The transition to sustainable, renewable energy sources won’t be an easy one, and it won’t be “painless,” according to noted complex systems researcher Jérôme Dangerman. The current system is so thoroughly entrenched that only severe, recurring crises, or perhaps a very determined intervention, will result in its transformation — that’s what he argues in his new doctoral thesis on the subject.
It should probably go without saying that the current system of energy production and consumption is unsustainable, accompanied as it is by climate change, resource depletion, geopolitical conflict, and pollution. But is such a massive, complex, interconnected system really something that can be easily changed?
Dangerman argues that it isn’t, stating that “the system is locked into its current situation and no transformation will come about without intervention or a crisis.” He does note that such an intervention would have to be quite “forceful and decisive” — with all of the necessary measures being taken regardless of politics. But is “forceful and decisive” action — with regard to internal dynamics — really a possibility in a large, unwieldy modern democracy like ours?
In his new interdisciplinary thesis, Dangerman “maps out the entire global energy system in its full complexity and the elements that play an important role, such as economics, technology, politics and sociology. Concluding that the system indeed is in state of lock-in and it will not transform without determined intervention or an uncontrolled crisis. So there is hope, but only if strong measures are taken.”
Radboud University provides more:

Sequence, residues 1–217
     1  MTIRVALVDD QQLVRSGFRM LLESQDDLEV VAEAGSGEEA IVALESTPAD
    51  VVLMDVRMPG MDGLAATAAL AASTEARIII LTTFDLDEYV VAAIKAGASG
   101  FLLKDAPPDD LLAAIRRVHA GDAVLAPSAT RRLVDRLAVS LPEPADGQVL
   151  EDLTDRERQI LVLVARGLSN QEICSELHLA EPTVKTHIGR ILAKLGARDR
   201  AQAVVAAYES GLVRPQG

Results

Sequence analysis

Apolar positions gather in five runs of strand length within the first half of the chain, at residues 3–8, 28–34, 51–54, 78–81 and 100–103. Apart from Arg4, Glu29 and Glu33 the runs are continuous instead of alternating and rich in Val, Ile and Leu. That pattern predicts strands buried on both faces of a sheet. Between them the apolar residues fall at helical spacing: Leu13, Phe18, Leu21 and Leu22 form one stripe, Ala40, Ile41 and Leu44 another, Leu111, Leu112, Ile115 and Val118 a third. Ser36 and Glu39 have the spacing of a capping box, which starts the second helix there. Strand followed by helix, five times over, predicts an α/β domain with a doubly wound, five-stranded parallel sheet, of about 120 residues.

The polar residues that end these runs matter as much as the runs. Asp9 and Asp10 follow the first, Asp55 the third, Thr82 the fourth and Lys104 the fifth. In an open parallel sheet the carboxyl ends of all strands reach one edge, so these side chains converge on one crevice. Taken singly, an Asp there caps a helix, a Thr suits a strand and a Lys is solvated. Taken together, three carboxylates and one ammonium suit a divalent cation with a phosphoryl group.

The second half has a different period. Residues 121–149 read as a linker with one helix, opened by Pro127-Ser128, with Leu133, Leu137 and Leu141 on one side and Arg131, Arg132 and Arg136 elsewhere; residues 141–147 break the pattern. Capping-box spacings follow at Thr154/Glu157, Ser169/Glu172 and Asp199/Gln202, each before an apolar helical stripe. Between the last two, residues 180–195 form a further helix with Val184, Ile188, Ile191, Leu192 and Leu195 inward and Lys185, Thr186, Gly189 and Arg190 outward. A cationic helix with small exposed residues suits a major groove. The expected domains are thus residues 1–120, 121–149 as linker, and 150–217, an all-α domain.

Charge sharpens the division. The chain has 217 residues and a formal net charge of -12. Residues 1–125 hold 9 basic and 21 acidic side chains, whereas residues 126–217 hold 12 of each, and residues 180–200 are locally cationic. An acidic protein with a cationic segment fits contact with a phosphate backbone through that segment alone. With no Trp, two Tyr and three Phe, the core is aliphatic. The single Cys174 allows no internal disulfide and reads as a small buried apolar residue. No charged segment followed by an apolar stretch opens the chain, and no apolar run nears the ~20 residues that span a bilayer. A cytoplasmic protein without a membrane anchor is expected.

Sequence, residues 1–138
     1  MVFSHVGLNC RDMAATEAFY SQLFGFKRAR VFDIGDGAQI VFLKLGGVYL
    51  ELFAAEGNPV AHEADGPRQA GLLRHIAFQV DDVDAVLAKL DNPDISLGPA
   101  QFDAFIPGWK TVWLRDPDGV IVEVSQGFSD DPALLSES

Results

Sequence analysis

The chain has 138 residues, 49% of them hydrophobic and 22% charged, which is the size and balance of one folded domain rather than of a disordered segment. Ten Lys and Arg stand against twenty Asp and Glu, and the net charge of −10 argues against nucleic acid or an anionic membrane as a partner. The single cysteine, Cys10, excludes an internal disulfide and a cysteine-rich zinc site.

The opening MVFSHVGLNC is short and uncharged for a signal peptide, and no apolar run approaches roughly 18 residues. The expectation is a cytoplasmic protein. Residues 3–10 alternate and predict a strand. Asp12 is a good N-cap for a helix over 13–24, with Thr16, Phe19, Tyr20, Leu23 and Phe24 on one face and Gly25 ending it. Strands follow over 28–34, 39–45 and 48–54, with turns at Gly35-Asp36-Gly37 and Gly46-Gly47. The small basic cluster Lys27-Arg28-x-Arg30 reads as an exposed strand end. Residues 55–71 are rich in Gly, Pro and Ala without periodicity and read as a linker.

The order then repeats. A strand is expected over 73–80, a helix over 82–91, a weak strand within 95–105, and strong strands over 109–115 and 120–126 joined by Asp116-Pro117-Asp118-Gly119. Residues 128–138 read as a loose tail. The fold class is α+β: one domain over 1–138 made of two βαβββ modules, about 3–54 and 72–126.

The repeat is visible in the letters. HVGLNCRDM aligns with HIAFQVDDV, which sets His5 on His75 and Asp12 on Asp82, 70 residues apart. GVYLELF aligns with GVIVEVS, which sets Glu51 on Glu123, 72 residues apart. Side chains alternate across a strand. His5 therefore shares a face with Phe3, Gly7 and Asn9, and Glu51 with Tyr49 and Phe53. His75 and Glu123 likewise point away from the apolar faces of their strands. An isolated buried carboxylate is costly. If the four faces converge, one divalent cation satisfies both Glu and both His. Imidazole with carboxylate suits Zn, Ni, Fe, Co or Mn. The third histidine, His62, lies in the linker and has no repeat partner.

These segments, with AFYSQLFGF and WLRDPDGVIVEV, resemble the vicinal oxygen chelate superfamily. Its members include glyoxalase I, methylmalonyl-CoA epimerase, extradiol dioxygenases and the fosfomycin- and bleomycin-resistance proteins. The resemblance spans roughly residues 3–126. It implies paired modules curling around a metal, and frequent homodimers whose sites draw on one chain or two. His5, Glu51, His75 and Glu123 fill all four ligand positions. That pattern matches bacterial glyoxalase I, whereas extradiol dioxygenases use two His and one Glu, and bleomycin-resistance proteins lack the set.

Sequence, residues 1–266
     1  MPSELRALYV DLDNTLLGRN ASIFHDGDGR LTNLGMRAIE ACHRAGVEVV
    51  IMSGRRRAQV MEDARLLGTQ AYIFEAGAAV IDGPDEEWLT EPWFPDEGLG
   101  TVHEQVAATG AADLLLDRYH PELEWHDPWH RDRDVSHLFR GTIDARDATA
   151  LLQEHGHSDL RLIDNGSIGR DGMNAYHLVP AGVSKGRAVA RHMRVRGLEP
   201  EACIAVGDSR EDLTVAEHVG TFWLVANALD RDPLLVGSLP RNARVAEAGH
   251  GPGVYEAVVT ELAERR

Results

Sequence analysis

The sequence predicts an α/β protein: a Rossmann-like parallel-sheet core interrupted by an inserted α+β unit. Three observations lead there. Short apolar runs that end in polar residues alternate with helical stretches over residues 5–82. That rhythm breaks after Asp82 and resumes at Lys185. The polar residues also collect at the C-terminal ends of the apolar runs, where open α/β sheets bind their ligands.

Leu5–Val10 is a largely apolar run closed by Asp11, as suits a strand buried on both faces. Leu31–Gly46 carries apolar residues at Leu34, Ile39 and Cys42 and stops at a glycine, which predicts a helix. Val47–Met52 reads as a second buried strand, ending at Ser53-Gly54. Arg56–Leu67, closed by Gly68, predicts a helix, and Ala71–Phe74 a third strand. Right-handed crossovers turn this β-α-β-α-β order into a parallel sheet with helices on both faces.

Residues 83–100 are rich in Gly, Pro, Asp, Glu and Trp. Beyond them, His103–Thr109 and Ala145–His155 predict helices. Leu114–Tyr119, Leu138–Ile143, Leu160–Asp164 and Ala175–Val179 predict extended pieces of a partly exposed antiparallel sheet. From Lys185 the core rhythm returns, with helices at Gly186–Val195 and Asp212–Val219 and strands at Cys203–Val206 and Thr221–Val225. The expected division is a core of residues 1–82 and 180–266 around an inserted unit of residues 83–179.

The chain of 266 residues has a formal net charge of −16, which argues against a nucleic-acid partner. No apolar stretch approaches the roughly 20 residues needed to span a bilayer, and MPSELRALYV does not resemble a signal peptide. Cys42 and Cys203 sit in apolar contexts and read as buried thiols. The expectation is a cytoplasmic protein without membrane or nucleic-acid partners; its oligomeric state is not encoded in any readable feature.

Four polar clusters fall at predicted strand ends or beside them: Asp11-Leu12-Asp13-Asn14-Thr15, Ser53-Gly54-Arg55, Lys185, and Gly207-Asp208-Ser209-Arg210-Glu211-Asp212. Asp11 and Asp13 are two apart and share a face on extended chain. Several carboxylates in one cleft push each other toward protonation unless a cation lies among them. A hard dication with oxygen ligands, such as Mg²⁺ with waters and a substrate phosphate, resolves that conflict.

An important mechanism in technological industries, which affects the classical principles of free market forces and which conserves the current energy system, is what Dangerman calls the principle of ‘success to the successful’. A successful activity attracts more success, at the expense of alternatives. The question of whether alternative action should be taken is essentially not addressed — until it’s too late. That is, until the climate has been irreversibly disrupted, essential ecosystems have collapsed or energy has become unaffordable. For this reason it is important that the current flows of subsidies and investments, which are now primarily aimed at conventional energy, be redirected towards renewable energy.
Although Dangerman observes there are still many signs indicating the absence of transformation of the current energy system, he sees a ray of hope in the fact that production and consumption of renewable energy are nonetheless growing — albeit much more slowly than possible and still insufficient in absolute terms. In this phase of the system, targeted involvement of governments stimulates that growth through legislation or subsidies. The experiences thus gained in Germany are highly instructive for the rest of the world.
The sort of intervention that Dangerman is talking about, and has suggested before, is to force shareholders to also pay for environmental damage — thus forcing the economy to favor those that “produce and use energy more sustainably.”
If such actions aren’t taken, and we simply continue on the same path that we are now on, it can be easily argued that irreversible damage to the global energy system, global economy, and global ecosystem could occur.
Dangerman notes, in conclusion: “The cynic may say that the loss of an old system creates lots of room for change and innovation. That may be true, but what is the cost of allowing the entire system to crash? Moreover, only a few of the strongest and a couple of lucky ones can absorb the consequences of a crashing system. It will be less painful to take measures now.”